Aircraft fuel is often considered as a high octane fuel that may be used in a high performance car engine. When talking to the engineers at one of the major refineries I was rather shocked to find that they use a totally different octane rating system. Aircraft engines are rarely ran over 2500 RPM so the piston pressure is changed far less than that of the auto engine that has a wide RPM change. The higher the performance usually means even a higher RPM range. They also rate the octane according to the rich or lean mixture device on the dash of the airplane. The aircraft fuels octane ratings were considerably lower compared to the automotive fuel rating system and should never be used for automotive applications. In fact, one of the new big things for aircrafts is to use automotive unleaded gas.
In conclusion, I have personally found that people who use heads with the proper parts and stay with the correct octane rating for their engine's compression ratio, the heads live a normal life and do not experience any cooling, cracking or overheating problems. Consider this, if it required 91 octane for the stock Beetle with 7.2 or 7.3 CR, it is obvious that 85 or 87 octane will require a CR in the area of 6.6 to 6.9. By the way, my 1982 VW Beetle, as do the 1992's, came stock, new from the VW factory with 6.6 and ran cool and powerful.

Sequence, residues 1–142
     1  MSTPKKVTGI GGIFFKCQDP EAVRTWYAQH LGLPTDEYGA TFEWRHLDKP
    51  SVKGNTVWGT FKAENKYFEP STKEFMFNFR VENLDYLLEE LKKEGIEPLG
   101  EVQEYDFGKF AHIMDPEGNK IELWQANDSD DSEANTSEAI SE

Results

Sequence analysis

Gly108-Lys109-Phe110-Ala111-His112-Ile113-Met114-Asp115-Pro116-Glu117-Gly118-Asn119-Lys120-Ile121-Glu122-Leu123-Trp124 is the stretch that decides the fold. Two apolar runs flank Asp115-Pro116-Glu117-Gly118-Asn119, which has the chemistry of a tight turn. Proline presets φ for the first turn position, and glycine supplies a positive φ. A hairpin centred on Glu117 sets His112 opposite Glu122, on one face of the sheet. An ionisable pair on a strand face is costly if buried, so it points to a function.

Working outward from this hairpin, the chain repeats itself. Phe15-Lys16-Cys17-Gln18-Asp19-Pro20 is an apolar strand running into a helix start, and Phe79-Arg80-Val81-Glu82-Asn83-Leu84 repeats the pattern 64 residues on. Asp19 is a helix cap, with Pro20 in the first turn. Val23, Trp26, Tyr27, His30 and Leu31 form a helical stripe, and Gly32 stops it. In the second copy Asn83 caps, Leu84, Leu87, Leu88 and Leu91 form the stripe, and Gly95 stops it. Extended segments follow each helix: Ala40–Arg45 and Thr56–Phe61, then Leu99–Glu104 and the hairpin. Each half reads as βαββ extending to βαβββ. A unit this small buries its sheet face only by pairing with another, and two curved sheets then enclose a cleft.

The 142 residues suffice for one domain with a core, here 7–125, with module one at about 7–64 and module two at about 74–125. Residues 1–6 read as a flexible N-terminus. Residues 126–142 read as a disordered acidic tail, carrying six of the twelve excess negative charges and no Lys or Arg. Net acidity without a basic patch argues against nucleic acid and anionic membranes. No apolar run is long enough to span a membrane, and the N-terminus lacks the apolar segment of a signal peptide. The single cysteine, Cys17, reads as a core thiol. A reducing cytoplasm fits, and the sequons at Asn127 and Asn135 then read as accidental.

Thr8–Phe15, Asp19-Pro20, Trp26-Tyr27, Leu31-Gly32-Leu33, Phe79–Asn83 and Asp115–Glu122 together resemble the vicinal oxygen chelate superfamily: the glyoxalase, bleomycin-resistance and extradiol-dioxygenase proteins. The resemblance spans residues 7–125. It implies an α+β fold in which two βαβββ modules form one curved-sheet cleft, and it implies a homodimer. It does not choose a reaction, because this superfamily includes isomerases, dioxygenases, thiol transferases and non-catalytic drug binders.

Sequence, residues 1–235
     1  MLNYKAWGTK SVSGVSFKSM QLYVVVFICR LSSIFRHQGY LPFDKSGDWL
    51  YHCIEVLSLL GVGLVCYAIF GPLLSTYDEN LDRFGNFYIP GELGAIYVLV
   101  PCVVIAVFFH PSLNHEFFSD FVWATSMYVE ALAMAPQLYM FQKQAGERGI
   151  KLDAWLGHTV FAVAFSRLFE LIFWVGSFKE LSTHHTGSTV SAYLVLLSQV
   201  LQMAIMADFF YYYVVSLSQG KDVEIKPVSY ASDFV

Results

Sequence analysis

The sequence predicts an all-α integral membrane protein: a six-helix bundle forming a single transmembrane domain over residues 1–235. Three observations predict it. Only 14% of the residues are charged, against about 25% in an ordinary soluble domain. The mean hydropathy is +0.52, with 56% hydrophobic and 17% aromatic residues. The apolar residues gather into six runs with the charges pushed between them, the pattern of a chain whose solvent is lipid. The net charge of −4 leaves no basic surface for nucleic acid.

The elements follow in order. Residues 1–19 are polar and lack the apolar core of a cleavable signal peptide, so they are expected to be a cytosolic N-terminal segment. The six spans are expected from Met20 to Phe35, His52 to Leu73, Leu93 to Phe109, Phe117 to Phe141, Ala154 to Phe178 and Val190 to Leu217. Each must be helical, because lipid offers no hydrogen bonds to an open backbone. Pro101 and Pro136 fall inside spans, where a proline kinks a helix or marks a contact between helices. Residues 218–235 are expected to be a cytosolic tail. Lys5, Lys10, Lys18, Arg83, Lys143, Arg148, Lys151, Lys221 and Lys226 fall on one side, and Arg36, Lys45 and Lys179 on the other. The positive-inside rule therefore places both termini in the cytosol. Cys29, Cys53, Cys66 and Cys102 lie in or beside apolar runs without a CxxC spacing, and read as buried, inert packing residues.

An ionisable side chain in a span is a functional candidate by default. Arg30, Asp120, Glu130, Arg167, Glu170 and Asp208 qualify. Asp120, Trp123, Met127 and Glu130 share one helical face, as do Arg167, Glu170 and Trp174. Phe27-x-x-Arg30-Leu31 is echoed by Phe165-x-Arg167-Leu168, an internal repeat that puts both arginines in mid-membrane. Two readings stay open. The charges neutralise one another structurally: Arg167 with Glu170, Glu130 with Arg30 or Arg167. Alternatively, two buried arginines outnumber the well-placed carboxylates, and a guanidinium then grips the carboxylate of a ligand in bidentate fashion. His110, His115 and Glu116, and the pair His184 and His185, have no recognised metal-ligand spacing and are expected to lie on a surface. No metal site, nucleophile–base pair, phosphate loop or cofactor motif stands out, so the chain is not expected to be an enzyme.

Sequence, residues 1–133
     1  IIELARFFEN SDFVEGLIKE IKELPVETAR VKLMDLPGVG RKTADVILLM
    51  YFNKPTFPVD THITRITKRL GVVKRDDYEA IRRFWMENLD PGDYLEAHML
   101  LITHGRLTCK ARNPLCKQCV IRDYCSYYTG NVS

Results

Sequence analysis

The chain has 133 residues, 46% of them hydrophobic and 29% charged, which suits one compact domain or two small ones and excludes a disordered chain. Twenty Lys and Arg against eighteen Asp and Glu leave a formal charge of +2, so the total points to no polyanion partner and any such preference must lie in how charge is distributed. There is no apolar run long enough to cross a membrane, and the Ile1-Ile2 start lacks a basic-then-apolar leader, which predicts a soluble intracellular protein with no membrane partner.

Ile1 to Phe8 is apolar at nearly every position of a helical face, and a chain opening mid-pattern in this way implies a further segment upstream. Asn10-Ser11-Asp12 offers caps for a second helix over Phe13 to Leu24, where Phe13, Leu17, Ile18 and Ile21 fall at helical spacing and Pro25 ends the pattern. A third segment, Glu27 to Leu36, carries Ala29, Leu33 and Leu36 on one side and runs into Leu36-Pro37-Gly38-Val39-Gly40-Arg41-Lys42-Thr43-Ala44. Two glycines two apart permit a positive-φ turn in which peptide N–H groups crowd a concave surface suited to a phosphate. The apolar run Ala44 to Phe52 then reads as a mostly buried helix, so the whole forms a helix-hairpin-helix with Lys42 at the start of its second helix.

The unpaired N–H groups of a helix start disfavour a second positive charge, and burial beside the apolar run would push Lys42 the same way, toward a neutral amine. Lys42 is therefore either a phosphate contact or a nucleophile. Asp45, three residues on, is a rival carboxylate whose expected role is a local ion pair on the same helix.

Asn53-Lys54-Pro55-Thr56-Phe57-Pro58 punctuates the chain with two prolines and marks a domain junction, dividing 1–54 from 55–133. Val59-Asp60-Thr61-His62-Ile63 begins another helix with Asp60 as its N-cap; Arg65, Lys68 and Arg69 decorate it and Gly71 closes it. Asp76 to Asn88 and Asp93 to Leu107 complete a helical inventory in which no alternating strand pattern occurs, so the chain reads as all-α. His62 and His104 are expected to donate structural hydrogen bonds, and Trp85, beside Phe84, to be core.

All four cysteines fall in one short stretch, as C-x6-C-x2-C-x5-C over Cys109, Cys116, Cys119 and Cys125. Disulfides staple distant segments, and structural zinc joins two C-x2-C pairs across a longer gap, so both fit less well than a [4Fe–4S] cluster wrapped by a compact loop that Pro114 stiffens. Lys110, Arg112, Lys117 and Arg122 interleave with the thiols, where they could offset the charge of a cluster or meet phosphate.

Other information I make available related to this and may also be of interest is GB 801-COOLING and GB 801-CR (addresses and phone numbers of people that carry fuels that work). Both are about what is needed for the engine to live its longest.